To the rest of you…if you’ve ever doubted the capacity of a refugee to adapt. If you’ve ever questioned their resilience or their contribution to our society, I want you to take a walk by our victory wall before you leave here today. Every single card on that wall represents a personal victory for some of my biggest heroes. Nothing on that wall is an activity that was prescribed or mandated by Vickery Trading Company. They are the result of the English and confidence these women have gained while being loved and supported in our program. They did the work. All we did is tell them, “You Can.” And that’s what happens to a woman when you surround her with dozens of volunteers giving countless hours of care and service. When you teach her a skill and allow her the dignity of contributing to the well-being of her family. When you empower a woman and tell her SHE CAN, you get to watch her fly.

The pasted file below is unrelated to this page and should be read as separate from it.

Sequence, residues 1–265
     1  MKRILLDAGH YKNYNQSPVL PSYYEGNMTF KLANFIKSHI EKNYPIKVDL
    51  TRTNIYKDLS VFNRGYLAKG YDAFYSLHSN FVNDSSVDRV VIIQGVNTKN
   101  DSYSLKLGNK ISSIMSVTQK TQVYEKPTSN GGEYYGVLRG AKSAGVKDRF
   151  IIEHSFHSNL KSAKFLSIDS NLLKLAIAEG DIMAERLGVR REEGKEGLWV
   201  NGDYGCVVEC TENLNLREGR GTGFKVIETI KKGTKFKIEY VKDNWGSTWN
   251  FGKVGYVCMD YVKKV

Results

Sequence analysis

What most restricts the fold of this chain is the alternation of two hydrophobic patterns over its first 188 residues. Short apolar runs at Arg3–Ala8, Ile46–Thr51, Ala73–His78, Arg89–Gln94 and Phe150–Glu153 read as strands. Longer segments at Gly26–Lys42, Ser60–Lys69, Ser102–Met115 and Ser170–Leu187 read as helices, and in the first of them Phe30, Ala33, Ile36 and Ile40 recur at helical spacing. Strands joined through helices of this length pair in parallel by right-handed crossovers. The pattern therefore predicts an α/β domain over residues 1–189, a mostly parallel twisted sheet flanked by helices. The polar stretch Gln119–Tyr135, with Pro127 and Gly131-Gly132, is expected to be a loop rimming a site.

So ladies, that’s my challenge to you as you leave here. FLY. Don’t stop here. You’re not done yet. You’ve just barely begun your incredible journey in the United States. Don’t hide. Show the world what you’re made of. Show them that being ripped out of your home country and thrown into a foreign place won’t stop you, but only make you stronger. Don’t take no for an answer. Keep going and keep trying until you get the yes that you’re looking for. Don’t see your differences as a problem. They’re not. They are what make you unique and they are your most valuable tool for success. Don’t believe the lie that you CAN’T. You’ve already proven that you CAN.